I thought about this the other day when I noticed a pen discarded on the street, today people toss them out or drop them and don’t even bother picking them up.

 

 

 

 

 

“If I were answering a question about who invented a fountain pen close to what we use today…. Well that’s different.”

 

There was a struggle to invent a fountain pen that wasn’t ink-starved and wouldn’t blob ink all over your paperwork. With the advent of a tube feeder or bladder to hold the ink, people didn’t yet understand how to regulate the ink supply.

Petrache Poenaru

Petrache Poenaru patented the fountain pen

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fountain pen patent collage

Collage of Early Fountain Pen Patents

This media file is in the public domain in the United States. This applies to U.S. works where the copyright has expired, often because its first publication occurred prior to January 1, 1923. See this page for further explanation.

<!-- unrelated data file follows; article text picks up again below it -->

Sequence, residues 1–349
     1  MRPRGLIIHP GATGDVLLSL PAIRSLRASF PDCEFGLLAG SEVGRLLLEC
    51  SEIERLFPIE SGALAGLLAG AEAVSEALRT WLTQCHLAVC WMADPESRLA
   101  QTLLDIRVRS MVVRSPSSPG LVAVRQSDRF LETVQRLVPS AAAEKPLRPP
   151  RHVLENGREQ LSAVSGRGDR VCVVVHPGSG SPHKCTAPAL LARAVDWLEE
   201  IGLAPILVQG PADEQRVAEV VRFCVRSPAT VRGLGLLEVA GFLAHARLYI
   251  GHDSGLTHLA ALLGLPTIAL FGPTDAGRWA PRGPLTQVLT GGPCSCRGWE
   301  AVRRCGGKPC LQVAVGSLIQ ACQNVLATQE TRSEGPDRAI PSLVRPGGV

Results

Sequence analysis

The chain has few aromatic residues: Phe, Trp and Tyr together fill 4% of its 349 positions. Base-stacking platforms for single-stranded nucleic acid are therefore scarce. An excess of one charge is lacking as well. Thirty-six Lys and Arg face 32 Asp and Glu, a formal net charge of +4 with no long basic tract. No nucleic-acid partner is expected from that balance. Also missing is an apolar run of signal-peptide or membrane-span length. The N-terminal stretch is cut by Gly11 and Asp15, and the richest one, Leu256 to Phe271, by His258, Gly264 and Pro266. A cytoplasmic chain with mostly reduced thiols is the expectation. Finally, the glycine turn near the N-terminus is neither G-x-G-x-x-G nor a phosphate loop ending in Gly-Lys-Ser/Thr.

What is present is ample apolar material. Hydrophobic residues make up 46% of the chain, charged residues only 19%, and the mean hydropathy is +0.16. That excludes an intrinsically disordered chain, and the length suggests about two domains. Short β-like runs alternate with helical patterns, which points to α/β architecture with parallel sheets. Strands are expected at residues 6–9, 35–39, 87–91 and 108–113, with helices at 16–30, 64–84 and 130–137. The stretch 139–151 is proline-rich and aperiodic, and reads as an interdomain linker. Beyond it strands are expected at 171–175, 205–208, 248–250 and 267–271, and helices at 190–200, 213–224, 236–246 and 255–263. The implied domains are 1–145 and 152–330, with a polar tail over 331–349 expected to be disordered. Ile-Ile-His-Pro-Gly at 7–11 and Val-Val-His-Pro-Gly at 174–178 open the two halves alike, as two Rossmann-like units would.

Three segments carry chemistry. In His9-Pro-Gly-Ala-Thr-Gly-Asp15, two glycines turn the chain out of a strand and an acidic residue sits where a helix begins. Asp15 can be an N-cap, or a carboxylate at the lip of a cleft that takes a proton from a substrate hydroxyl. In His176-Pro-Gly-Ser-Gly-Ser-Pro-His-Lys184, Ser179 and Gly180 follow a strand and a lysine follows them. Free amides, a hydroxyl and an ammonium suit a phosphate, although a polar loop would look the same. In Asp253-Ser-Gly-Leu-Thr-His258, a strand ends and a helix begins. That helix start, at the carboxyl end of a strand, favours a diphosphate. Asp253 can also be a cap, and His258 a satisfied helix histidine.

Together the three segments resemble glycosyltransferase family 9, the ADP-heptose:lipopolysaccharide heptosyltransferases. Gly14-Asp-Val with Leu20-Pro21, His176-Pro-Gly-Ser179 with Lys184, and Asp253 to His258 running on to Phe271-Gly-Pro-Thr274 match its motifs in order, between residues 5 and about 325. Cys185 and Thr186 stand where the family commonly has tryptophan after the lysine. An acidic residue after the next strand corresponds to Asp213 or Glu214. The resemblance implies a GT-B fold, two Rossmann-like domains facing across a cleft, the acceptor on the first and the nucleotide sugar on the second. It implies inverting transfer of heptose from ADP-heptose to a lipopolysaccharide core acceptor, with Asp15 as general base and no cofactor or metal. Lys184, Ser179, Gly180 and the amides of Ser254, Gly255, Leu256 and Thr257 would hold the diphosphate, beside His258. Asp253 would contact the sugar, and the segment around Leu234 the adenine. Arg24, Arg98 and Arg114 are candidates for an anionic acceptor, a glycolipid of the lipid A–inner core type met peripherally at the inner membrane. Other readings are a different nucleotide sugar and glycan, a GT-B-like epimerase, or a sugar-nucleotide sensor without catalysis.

Lewis Waterman (Founder of Waterman pens) is commonly an answer to who invented the fountain pen, but his 1884 patent was for an improvement on the existing pen; Waterman patented a design in which ink was fed to the nib by gravity and air being drawn into the reservoir to allow a constant flow of ink without flooding.

Several early attempts at nibs (the tip of the pen that does the writing) have little channels that held some ink but weren’t a reliable way to regulate the ink coming down from the reservoir.

Once people understood that air needed to travel into the reservoir in order to allow ink to flow down the feed to the nib with some control the modern nib and feed system were mastered.

The original nibs were made of steel which corroded with the inks of the time.

Fine writing instruments evolved with gold nibs that were iridium tipped because the iridium is a hard metal that allows for many years of writing without wearing down and the gold was flexible enough to give lettering some character.

After the modern gold and iridium tipped nibs were invented, the ink filling mechanisms evolved and retractable nibs were introduced. The fountain pens of today are largely iterations of the pens made in the early 20th century with modernized filling mechanisms.

Fountain pens have a beautiful history and brought writing to the masses.  Petrache Poenaru, who invented the fountain pen, was just the beginning of the evolution of fine writing instruments. Check out a few reviews for yourself to find the best fountain pen for you!

Thank you for visiting BestFountainPen.com, your readership is a constant gift and I hope you start your pen collection today; you’ll love them as much as I do!